When we pastors fail to help people see those graced moments and situations, we end up proposing “a far too abstract and almost artificial theological ideal of marriage, far removed from the concrete situations and practical possibilities of real families.” We have to set our sights higher and work with married couples and families in a way that inspires trust in God’s grace, thus making marriage “more desirable and attractive.”

At the same time, married couples are encouraged to see that by making a commitment, by saying “I do,” they are taking responsibility for one another. Practically, this means assuming “an active and creative role in a lifelong project.” As such, “neither spouse can expect the other to be perfect. Each must set aside all illusions and accept the other as he or she actually is: an unfinished product, needing to grow, a work in progress. … By saying ‘I do,’ they embark on a journey that requires them to overcome all obstacles standing in the way of their reaching the goal.”

Couples take up this journey armed with mercy and forgiveness, two prominent themes in the exhortation. Sin can and does distort God’s gift of married love. Only mercy and forgiveness, the true graces of the sacrament of matrimony, can restore it.

The Holy Father’s trust in God’s grace, his respect for a person’s conscience and his call to learn from the experiences of the faithful have opened up a fresh way for the church, for married couples and for those who minister to them and their families. He is calling couples to take responsibility for their own growth and maturing. He is calling those who minister to families to assist them in discerning God’s grace working in their lives, fully respectful of their experiences and their consciences. Of course, all of this involves a major shift both for couples and pastoral leaders.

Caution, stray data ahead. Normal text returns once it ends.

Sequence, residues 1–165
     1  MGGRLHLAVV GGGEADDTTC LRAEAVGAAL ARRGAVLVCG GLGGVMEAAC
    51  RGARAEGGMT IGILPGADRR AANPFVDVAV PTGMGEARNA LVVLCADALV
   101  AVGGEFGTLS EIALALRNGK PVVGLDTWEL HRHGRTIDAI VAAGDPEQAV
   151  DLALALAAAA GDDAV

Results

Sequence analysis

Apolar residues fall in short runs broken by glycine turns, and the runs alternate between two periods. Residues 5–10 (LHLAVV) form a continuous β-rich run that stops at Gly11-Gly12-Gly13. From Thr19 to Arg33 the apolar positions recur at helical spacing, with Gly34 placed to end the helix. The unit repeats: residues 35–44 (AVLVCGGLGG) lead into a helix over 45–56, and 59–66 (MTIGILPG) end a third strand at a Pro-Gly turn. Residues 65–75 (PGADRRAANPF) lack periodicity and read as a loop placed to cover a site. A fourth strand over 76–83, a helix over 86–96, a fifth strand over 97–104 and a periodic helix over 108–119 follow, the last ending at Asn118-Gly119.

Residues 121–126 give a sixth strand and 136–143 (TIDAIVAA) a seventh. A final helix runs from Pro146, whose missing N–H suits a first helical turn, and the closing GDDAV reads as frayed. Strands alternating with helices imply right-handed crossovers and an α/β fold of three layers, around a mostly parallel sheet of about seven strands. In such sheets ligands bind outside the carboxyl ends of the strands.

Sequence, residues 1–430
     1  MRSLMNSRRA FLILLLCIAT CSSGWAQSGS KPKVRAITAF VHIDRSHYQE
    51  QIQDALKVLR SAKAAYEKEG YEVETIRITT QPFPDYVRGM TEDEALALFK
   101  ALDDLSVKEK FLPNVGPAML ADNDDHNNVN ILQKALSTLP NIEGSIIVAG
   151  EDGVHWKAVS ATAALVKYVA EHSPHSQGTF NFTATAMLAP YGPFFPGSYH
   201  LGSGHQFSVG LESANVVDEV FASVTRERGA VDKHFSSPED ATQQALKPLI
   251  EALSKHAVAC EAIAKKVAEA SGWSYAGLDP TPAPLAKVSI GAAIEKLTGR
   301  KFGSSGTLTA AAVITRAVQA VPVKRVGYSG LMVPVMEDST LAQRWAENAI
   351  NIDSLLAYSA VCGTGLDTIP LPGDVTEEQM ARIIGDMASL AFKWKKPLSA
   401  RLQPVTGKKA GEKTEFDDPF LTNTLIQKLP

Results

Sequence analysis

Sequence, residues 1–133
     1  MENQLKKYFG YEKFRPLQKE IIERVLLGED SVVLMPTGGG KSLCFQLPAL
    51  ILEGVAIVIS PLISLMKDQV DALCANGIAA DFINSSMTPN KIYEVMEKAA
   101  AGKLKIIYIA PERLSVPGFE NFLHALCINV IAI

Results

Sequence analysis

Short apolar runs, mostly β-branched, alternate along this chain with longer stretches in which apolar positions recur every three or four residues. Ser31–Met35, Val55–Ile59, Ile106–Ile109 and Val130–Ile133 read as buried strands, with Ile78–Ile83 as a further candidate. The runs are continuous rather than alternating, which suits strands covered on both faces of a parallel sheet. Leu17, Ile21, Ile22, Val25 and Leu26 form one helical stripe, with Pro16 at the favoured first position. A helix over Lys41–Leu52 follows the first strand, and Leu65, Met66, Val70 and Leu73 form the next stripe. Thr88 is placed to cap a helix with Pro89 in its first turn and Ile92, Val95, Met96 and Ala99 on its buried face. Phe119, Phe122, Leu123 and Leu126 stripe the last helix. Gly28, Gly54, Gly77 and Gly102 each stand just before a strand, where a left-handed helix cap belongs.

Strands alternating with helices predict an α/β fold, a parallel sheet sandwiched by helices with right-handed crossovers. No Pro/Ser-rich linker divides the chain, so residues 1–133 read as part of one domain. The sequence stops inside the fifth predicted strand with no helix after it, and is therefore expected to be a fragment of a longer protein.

Professor Rocco Buttiglione — a scholar who earned the admiration of Pope Benedict XVI and St. John Paul II — recently wrote about the difficulty some are having with understanding and accepting what Pope Francis is proposing. In the official Vatican newspaper, L’Osservatore Romano, Buttiglione argued that the Christian people, through their appreciation of the faith, or “sensus fidei,” “immediately embraced and followed” the pope as he advocates this new approach.

Yet “some of the learned class seem to have trouble understanding him,” he continued. Their criticism focuses on a section of the exhortation “where the pope says that, in certain conditions and in certain circumstances, some divorced and remarried people may receive the Eucharist.” They seem not to understand, Buttiglione observes, that this possibility entails an honest and demanding process of discernment. It is hardly a carte blanche or “easy pass” to do anything we please.

During last fall’s Synod on the Family, I spoke to journalists about the inviolability of conscience and the importance of the formation of conscience. I will expand on this theme — essential as it is to understanding “The Joy of Love” — in the next issue of the Catholic New World, with a focus on Buttiglione’s commentary as it relates to Pope Francis’ emphasis on respecting the consciences of men and women.

For now I encourage you to read Buttiglione’s important article, which can be found at